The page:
Wednesday, March 4, 2009

The Paradox of Revelation

Many religious believers, including both everyday followers and famed theologians, privilege revelation over rational inquiry and analysis as a method for attaining results and insights.

Yes, revelation is a noted method indeed, producing such famous works such as the Qur’an, the Bible, the Bhagavad-Gita, the Talmud, and many others.

But nearly all religious believers do not take the sum of these works together, but rather believe in them separately. Revelation produces many fruits, but most believers only choose to consume a select few products from this tree of specialized knowledge claims.

If believers really have confidence in revelation as a method of gathering information, why don't they take all of revelations' results equally seriously?

That is, if the individual believer is going to emphasize revelation over analysis, then what makes the revelation of Paul inherently better than the revelation of Buddha or of Joseph Smith?

Believers are forced to admit that revelation in and of itself is generally a poor method for obtaining results, producing contradictory and vague insights.

There must be some additional, exterior standard applied to the products of revelation to determine whether they have any merit as the basis of a belief system.

However, revelation shouldn’t even need to be sorted out in this manner, should it? Shouldn’t it just be “self-evident” if it is divinely revealed? Revelation by definition should not necessarily appeal to any exterior standard for its confirmation.

But revelation never really is self-evident, is it? It does require some exterior standard for evaluation as the basis of a possible belief system.

Thus the thousands of religions, and even the thousands of variations within Christianity! Revelation can produce claims, but it's lacking a mechanism to sort them out, to see if they're plausible or believable.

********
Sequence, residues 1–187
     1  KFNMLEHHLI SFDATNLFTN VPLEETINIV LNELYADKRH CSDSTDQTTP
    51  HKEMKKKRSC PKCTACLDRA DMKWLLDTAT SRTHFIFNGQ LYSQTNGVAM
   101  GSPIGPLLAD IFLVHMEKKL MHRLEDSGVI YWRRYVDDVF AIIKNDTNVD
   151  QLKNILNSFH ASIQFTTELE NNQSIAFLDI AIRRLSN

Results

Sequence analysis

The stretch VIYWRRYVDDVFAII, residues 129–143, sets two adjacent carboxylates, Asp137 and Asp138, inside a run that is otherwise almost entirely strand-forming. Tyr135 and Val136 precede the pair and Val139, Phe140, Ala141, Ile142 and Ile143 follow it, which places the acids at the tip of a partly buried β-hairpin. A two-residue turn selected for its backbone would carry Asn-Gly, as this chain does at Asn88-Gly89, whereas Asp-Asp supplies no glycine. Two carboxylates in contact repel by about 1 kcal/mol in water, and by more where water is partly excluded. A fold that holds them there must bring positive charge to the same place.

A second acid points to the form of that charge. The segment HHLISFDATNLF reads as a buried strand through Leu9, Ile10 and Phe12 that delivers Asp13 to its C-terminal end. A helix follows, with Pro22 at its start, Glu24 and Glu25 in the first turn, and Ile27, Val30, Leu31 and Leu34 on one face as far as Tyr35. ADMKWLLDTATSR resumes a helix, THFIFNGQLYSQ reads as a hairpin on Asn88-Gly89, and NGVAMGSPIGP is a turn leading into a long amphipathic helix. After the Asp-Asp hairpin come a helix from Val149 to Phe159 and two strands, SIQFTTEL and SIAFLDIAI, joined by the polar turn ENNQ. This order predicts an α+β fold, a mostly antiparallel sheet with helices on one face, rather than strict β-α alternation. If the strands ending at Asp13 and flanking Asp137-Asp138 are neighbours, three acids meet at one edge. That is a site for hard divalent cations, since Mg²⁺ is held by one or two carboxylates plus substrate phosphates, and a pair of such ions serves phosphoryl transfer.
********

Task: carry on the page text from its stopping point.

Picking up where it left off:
If you are a religious believer, and you are privileging revelation over rational analysis, do you:

(One) hijack rational analysis to try and provide some kind of support for your revelatory claims, which (by definition) should not need to be supported in such a manner?

(Two) admit that you have no way to evaluate any of your religious claims on the same basis as competing claims derived from revelation, therefore rendering any religious claims you may possess indistinguishable from religious claims you do not possess?


sfauthor said...

Nice posting. Do you know about this edition of the Gita?


I think all 'spiritual' revelations should be private and personal, and I don't need to validate it with any one.
I do have a problem with your term' religious believers'. What are you implying by this term? I don't think any one is a believer in religion, but in the God as they determine that God to be within a religious frame work, That is if that religion has a god.If they don't then they believe in the principles or teachings within a particular religious framework.I don't think anyone sets off on their path of enlightenment believing in a religion but on or in their God or principles and or teachings. just like the religion of non believers who are just as religious but I would doubt they would be considered non religious believers, but then I think that is a better fit and term, than Religious believers is for those you are implying are. for what it is worth